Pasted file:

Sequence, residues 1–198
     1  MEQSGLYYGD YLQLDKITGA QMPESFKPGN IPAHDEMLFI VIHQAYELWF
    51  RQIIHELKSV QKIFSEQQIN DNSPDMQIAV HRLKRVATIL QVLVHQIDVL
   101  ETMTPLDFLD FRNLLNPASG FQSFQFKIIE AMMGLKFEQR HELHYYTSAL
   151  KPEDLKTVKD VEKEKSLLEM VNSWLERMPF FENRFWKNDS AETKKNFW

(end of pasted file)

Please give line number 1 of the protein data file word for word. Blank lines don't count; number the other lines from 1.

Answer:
Sequence, residues 1–198